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A Bitter Brew? Futures Speculation and Commodity Prices


  • Bos Jaap
  • Molen Maarten van der



We introduce a new approach to measuring the possible impact of futures speculation on spotcommodity prices. We advocate the use of a non-parametric, highly flexible empirical model formeasuring this impact, in order to account for possible non-linearity in the transmission fromfutures to spot market. Empirical results for the coffee market show that most of the changes inspot prices can be attributed to shifts in demand and - in particular - supply. Nevertheless,speculation is an important part of the coffee price generation process. The effect of speculationon the price of coffee is indeed spiky, which explains why traditional, mean-variance basedmethods have failed to identify this. However, it is also significant, both statistically andeconomically. An extensive robustness analysis confirms the validity of our results, and - withinthe limitations posed by the data - we have been able to establish causality.

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  • Bos Jaap & Molen Maarten van der, 2012. "A Bitter Brew? Futures Speculation and Commodity Prices," Research Memorandum 045, Maastricht University, Maastricht Research School of Economics of Technology and Organization (METEOR).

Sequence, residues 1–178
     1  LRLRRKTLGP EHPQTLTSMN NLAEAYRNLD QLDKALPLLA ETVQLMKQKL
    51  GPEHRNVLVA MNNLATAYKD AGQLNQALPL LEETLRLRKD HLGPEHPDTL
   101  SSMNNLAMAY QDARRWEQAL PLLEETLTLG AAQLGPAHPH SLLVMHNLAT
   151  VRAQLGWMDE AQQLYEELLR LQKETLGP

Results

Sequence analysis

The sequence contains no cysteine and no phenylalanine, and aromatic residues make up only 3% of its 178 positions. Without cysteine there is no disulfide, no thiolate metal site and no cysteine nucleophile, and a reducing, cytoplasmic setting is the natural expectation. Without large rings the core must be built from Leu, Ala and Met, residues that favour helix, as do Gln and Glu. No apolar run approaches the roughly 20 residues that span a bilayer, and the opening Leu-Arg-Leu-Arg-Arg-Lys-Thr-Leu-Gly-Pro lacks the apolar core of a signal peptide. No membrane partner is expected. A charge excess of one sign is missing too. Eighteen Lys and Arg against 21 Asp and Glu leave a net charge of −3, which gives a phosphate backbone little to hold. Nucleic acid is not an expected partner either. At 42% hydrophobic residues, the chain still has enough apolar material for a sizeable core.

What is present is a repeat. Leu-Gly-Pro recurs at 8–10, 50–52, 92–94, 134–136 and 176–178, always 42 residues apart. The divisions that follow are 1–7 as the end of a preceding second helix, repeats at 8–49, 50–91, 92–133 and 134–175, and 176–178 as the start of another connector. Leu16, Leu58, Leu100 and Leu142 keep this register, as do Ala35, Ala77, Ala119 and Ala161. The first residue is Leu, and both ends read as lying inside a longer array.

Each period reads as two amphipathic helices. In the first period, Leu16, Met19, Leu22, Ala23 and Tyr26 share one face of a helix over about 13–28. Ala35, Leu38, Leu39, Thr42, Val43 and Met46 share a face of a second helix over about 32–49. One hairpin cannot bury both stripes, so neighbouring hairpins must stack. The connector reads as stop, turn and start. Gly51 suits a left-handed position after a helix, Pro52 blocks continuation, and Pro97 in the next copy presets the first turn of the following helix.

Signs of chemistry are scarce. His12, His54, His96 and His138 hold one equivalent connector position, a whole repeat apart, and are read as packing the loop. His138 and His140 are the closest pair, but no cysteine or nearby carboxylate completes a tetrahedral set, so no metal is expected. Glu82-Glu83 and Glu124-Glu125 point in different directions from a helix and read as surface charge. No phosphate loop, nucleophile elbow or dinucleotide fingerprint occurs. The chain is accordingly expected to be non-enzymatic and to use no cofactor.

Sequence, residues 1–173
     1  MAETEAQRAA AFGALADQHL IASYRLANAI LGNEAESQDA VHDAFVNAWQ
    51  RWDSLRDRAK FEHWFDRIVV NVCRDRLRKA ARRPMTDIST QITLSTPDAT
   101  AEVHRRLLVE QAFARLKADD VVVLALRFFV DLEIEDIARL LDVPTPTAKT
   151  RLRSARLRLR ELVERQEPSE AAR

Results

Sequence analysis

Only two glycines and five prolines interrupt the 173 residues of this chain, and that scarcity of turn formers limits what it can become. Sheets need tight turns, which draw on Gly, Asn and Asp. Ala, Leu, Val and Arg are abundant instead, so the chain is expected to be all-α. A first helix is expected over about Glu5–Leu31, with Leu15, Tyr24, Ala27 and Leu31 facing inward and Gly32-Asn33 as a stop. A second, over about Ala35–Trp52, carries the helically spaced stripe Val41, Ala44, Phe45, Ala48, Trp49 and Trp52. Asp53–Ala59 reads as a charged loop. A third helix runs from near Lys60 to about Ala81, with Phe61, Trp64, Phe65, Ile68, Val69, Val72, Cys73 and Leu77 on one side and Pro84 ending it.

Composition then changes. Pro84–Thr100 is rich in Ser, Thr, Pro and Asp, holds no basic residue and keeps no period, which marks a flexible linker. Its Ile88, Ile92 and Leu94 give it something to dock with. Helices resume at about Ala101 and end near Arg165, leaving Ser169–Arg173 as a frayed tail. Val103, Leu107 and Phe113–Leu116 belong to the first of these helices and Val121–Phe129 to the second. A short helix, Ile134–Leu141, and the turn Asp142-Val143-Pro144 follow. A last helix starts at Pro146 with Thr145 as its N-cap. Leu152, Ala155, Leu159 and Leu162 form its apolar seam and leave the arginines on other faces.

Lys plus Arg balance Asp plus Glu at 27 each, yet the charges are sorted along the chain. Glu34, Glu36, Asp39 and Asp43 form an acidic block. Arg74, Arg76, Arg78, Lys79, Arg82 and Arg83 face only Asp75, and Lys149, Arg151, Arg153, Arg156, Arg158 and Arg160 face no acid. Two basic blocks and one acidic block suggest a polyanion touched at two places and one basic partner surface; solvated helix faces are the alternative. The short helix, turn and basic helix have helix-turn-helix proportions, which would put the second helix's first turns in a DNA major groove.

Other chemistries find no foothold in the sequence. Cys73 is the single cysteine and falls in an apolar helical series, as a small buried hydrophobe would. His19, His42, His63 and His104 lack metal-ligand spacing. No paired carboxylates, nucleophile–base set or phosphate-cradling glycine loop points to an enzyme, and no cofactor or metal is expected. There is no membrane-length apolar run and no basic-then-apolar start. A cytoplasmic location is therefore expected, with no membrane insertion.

• Handle: RePEc:unm:umamet:2012045

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    1. Acharya, Viral V. & Lochstoer, Lars A. & Ramadorai, Tarun, 2013. "Limits to arbitrage and hedging: Evidence from commodity markets," Journal of Financial Economics, Elsevier, vol. 109(2), pages 441-465.
    2. repec:spr:isorms:978-1-4419-7961-2 is not listed on IDEAS
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    1. repec:eee:jrpoli:v:53:y:2017:i:c:p:135-146 is not listed on IDEAS

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